Le Bonheur saves 3-year-old facing serious health problems

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MEMPHIS, Tenn. -- Whether he's playing with his brother Christian and his sister Arrianna in the park, you have to be pretty fast and have a lot of energy to keep up with 3-year-old Cameron Jones.

"He likes to act silly, laugh, play and all that. He is good, a normal 3-year-old. Running, playing, and eating everything, nothing too much gets him down," his mom, Tomeka Jones, said.

It takes a lot to keep this happy little guy down, considering his health has had its share of ups and downs, even before his birth.

Tomeka will never forget what happened during her pregnancy with Cameron.

"My blood pressure started dropping and his heart rated started to drop each time I had a contraction," she said.

When Cameron was born at his delivery hospital, he was limp, blue, and unresponsive.

"I was like, Oh Dear God, don't let him be dead.  I finally heard him cry. I was okay. He's crying. He's alive," Tomeka said.

Cameron was taken to the NICU and was monitored for eight hours before things started to settle down.

But right before the family was about to be discharged, Cameron's mom, who's also a respiratory therapist, noticed he didn't want to eat and when she removed his bottle, his lips were blue.

"I looked at his nose and he was like nasal flaring trying to breathe and I remember that was a sign of respiratory distress," Tomeka said.

Cameron was monitored closely for two days, but one night, his mom received a phone call from his doctor that she'll never forget.

"When I heard his voice, I knew something, I said don't let him be gone, and that's when they told me they needed my consent to transfer him to Le Bonheur," Tomeka said.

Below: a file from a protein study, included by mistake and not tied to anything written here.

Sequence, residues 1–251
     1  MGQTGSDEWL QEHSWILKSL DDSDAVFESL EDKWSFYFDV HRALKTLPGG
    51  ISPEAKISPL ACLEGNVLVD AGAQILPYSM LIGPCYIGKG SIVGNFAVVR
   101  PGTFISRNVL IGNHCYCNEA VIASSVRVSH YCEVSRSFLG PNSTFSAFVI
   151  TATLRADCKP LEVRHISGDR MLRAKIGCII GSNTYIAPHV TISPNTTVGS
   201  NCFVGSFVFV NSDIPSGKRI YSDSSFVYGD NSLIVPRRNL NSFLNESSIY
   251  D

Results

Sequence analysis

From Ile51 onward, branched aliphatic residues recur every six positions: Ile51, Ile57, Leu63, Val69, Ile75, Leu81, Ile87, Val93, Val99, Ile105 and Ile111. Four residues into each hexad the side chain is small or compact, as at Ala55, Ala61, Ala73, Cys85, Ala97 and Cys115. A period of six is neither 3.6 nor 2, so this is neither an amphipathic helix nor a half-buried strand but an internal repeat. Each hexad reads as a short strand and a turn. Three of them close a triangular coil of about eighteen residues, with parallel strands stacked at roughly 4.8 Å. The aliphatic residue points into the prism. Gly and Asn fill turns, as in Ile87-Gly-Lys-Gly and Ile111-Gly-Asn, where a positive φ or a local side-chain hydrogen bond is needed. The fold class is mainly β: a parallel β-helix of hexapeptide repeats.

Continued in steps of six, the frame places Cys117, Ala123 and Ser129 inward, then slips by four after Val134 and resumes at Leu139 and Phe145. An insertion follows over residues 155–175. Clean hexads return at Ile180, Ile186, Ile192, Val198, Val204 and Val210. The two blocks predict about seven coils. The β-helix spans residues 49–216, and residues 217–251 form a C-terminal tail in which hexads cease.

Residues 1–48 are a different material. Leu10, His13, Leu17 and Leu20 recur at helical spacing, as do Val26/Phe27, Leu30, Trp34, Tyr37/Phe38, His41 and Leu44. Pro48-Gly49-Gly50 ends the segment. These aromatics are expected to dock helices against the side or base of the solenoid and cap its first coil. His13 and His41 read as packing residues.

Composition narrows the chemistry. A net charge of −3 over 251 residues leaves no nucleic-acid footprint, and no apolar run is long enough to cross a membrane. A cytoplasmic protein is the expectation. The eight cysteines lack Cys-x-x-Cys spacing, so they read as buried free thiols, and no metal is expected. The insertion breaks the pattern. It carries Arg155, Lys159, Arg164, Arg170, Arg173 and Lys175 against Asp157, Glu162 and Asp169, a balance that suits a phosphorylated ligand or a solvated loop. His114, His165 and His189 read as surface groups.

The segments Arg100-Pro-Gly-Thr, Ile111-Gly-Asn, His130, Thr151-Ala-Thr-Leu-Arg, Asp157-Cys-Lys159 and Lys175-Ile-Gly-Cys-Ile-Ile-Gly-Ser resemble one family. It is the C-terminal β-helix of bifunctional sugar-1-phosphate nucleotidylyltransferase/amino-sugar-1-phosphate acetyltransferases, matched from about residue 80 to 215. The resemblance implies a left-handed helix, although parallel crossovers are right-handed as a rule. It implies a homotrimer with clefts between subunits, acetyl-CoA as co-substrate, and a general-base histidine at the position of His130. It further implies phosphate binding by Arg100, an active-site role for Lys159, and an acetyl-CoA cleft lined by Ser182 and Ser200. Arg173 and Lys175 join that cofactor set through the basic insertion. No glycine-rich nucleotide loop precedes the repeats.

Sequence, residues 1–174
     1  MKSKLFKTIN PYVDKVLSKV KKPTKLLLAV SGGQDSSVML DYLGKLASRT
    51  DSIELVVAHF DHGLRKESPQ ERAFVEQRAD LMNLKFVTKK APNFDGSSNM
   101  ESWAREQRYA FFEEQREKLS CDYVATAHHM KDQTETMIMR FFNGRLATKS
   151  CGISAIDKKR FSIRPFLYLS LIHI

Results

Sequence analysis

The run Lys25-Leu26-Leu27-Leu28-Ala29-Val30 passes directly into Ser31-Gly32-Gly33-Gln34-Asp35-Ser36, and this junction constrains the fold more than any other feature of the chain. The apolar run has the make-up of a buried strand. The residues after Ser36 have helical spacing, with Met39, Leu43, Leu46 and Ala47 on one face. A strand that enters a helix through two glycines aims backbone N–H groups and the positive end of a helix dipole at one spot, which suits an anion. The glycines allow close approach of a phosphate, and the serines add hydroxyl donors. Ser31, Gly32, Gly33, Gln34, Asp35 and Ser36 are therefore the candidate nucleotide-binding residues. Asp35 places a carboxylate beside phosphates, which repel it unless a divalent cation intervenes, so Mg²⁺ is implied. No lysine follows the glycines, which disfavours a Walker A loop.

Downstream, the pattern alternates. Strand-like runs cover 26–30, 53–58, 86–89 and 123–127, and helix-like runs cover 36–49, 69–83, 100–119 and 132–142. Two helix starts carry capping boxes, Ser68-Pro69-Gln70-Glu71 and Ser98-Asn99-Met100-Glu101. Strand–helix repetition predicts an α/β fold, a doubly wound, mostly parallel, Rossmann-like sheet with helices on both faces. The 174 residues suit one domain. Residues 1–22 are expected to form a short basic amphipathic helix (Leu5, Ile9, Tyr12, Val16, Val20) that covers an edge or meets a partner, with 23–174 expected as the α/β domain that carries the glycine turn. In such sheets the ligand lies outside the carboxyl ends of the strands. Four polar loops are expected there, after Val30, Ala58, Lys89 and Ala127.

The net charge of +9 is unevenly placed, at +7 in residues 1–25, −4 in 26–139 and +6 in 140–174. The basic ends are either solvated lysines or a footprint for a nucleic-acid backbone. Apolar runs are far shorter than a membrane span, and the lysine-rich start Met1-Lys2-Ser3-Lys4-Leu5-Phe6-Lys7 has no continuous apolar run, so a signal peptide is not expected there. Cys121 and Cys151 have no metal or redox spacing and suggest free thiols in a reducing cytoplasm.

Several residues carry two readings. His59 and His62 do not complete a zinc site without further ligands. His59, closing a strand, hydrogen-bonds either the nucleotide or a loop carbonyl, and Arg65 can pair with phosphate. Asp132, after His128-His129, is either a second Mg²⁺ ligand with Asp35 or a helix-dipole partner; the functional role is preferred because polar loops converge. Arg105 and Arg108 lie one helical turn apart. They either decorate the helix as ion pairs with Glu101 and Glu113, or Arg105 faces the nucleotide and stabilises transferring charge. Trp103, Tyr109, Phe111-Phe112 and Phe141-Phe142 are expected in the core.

His family agreed his best chances of survival would be at Le Bonheur and through their faith in God.

"Don't let him die because I have already buried one child and I can't do it again," Tomeka said.

Pedi-Flight would take Cameron to Le Bonheur. He was then placed on a heart bypass machine called an ECMO.

Dr. Stephanie Storgion is pediatric intensivist at Le Bonheur.

"It was a life and death situation for Cameron. We were able to bring him over from the initial hospital where he was born and rapidly get him on the ECMO support that he needed it because he wasn't able to supply significant oxygen to the rest of his body," Storgion said.

Cameron stayed on ECOM for 33 days, but he faced other problems.

"His liver malfunctioned, his kidneys stopped working," Tomeka said.

His neurologists also found what they thought were brain tumors, but it only turned out blood on his brain and was removed.

But Cameron's mom said things really turned around when he was given a drug called Seldinifil.

"His nurse, they had drawn labs, they had drawn his blood work and she was like he's fine," Tomeka said.

The drug worked, and for the first time, blood was pumping through his body on his own.

"He's definitely my miracle child because we were at the end. he was a death's door and he's still here," Tomeka said.

Cameron is still here and enjoying life thanks to the hope and specialized care he received at Le Bonheur, a hospital where every child matters.

"I'm very grateful to the ECMO specialists and that the hospital is there," Tomeka said.

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